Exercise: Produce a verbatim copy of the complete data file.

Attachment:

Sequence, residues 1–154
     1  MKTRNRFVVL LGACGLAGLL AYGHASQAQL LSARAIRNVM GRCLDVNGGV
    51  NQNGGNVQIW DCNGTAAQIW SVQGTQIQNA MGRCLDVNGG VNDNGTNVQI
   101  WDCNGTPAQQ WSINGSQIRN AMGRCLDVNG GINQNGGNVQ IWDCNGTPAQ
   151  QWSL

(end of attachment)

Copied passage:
Sequence, residues 1–154
     1  MKTRNRFVVL LGACGLAGLL AYGHASQAQL LSARAIRNVM GRCLDVNGGV
    51  NQNGGNVQIW DCNGTAAQIW SVQGTQIQNA MGRCLDVNGG VNDNGTNVQI
   101  WDCNGTPAQQ WSINGSQIRN AMGRCLDVNG GINQNGGNVQ IWDCNGTPAQ
   151  QWSL